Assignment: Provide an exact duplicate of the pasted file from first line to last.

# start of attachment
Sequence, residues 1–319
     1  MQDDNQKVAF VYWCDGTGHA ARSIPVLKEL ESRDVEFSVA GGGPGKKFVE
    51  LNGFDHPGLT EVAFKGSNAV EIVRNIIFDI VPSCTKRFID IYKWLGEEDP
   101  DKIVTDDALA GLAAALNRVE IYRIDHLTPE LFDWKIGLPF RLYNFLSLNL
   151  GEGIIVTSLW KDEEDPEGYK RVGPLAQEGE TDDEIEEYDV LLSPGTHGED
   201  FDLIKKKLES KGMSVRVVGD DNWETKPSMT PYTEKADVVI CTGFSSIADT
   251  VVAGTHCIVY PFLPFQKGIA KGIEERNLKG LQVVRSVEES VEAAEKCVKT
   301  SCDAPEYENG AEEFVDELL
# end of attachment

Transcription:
Sequence, residues 1–319
     1  MQDDNQKVAF VYWCDGTGHA ARSIPVLKEL ESRDVEFSVA GGGPGKKFVE
    51  LNGFDHPGLT EVAFKGSNAV EIVRNIIFDI VPSCTKRFID IYKWLGEEDP
   101  DKIVTDDALA GLAAALNRVE IYRIDHLTPE LFDWKIGLPF RLYNFLSLNL
   151  GEGIIVTSLW KDEEDPEGYK RVGPLAQEGE TDDEIEEYDV LLSPGTHGED
   201  FDLIKKKLES KGMSVRVVGD DNWETKPSMT PYTEKADVVI CTGFSSIADT
   251  VVAGTHCIVY PFLPFQKGIA KGIEERNLKG LQVVRSVEES VEAAEKCVKT
   301  SCDAPEYENG AEEFVDELL